New Historian

New Polar Dinosaur Species Discovered

Cranial Reconstruction of Ugrunaaluk kuukpikensis (3)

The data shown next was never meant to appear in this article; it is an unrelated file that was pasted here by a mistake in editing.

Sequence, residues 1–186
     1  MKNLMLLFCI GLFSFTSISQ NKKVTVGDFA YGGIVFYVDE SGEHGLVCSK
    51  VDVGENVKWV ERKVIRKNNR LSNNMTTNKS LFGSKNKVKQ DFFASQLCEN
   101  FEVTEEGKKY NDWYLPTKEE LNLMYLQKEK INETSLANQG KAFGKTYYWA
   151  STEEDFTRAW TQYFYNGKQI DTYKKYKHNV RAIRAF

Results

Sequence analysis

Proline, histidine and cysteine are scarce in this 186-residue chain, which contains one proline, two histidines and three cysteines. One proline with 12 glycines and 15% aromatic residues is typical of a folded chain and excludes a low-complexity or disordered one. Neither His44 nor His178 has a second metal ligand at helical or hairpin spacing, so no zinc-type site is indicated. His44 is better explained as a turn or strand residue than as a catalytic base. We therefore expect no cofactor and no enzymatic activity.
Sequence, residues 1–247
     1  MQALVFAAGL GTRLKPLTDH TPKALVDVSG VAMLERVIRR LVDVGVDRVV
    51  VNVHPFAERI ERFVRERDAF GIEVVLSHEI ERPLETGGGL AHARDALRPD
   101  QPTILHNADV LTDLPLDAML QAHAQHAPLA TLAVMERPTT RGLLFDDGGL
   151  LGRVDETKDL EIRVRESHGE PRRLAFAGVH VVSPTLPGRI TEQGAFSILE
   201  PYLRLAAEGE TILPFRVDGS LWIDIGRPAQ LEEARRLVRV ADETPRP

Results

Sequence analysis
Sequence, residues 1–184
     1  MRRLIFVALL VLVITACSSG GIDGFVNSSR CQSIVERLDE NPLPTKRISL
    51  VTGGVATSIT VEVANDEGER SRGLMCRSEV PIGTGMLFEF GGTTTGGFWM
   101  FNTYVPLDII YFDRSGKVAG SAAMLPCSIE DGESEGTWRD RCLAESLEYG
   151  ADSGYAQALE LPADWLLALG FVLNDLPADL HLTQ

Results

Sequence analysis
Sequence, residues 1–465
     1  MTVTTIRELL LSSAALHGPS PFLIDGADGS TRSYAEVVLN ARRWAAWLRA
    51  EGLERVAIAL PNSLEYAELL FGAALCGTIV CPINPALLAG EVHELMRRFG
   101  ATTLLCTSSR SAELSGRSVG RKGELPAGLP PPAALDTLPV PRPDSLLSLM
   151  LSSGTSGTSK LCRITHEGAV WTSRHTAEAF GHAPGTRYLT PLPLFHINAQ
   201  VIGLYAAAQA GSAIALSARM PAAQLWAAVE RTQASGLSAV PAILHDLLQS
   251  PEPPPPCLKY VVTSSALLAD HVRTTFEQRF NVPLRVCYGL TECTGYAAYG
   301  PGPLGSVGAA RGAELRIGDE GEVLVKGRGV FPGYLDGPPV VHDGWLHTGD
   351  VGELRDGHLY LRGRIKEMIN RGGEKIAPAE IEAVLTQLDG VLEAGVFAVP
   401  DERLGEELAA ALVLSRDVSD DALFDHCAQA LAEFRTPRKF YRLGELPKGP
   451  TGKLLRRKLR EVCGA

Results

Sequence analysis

<![CDATA[The popular opinion on dinosaurs is that they were cold-blooded reptiles that inhabited the warmer regions of the prehistoric world, but new evidence is emerging that not only were some of them warm-blooded, there were a few dinosaur species that lived above the Arctic Circle, in the northernmost parts of what’s today Alaska. Ugrunaaluk kuukpikensis, a hadrosaur, or duck-billed dinosaur, probably lived around 69 million years ago and spent four months every year in darkness, surviving on tree bark, ferns, and whatever other vegetation was left when the sun went down for the winter. The hadrosaur fossils were discovered in the Liscomb Bone Bed, a geological layer rich in ancient fossils along Colville River, in the Prince Creek formation, the University of Alaska Fairbanks said in a press release. Pat Druckenmiller, one of the authors of the new study and the earth science curator at the University of Alaska Museum of the North, said the animal stood between six and seven feet tall and was up to 30 feet long. The creature’s hind legs were much longer that its front legs but it could walk on all fours, the authors also report. Another one of the authors, biologist Gregory M. Erickson from Florida State University, told the New York Times that the “ancient grazer” had crests along its back, like Godzilla, and a mouth full of as many as 1,000 sharp teeth. Although Ugrunaaluk kuukpikensis had to survive snowfalls and a long period of darkness, the authors note that temperatures above the Arctic Circle during the Cretaceous were warmer than they are now, with the average standing around 4 degrees Celsius above zero. Still, if that was the average, then there were certainly prolonged periods when temperatures dipped below zero, which suggests the hadrosaur was a uniquely hardy creature. Druckenmiller told the New York Times that the species is completely new to science, distinctly different from other dinosaur species discovered earlier at lower latitudes in Alaska, a “truly polar” dinosaur. The authors of this new paper, which was published in the journal Acta Palaeontologica Polonica, had earlier published work suggesting that there were animals living in northern Alaska 69 million years ago, when there were forests in the area because of the more temperate climate, the press release notes. Erickson says that the discovery of the Ugrunaaluk kuukpikensis fossils “challenges everything we thought about a dinosaur’s physiology.” he added that the discovery prompts the question of how the duck-billed herbivores survived the harsh Arctic winter. Since 1961, when palaeontologist Robert Liscombe, after whom the area is named, discovered the first dinosaur fossils in the Northern Slope of Alaska, a total of 6,000 dinosaur bones have been unearthed there. Most of them belong to young, smaller, animals, probably a herd that was suddenly killed, Druckenmiller says in the press release. As for species, three distinct ones have been named and catalogued, all of them unique to northern Alaska. This latest one, “the ancient grazer” as its name translates from the language of the local indigenous community, is by far the most complete ever discovered in a polar region, Druckenmiller says. For more information: “A new Arctic hadrosaurid from the Prince Creek Formation (lower Maastrichtian) of lower Alaska” Image courtesy of Wikimedia Commons user: Hirotsugu Mori, Patrick S. Druckenmiller, and Gregory M. Erickson]]>

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